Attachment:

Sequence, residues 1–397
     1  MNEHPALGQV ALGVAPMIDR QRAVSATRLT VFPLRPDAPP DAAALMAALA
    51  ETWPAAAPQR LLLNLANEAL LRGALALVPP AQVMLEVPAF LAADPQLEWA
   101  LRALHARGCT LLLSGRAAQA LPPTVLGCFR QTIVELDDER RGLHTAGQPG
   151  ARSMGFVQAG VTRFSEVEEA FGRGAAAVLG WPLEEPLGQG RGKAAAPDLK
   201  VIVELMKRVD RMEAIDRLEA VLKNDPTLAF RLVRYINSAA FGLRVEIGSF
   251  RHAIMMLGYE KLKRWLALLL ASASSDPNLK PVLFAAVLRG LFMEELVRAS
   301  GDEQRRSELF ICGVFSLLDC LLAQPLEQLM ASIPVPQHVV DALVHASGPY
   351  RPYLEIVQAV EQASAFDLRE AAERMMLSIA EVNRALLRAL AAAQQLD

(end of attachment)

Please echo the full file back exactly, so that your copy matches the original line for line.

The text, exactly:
Sequence, residues 1–397
     1  MNEHPALGQV ALGVAPMIDR QRAVSATRLT VFPLRPDAPP DAAALMAALA
    51  ETWPAAAPQR LLLNLANEAL LRGALALVPP AQVMLEVPAF LAADPQLEWA
   101  LRALHARGCT LLLSGRAAQA LPPTVLGCFR QTIVELDDER RGLHTAGQPG
   151  ARSMGFVQAG VTRFSEVEEA FGRGAAAVLG WPLEEPLGQG RGKAAAPDLK
   201  VIVELMKRVD RMEAIDRLEA VLKNDPTLAF RLVRYINSAA FGLRVEIGSF
   251  RHAIMMLGYE KLKRWLALLL ASASSDPNLK PVLFAAVLRG LFMEELVRAS
   301  GDEQRRSELF ICGVFSLLDC LLAQPLEQLM ASIPVPQHVV DALVHASGPY
   351  RPYLEIVQAV EQASAFDLRE AAERMMLSIA EVNRALLRAL AAAQQLD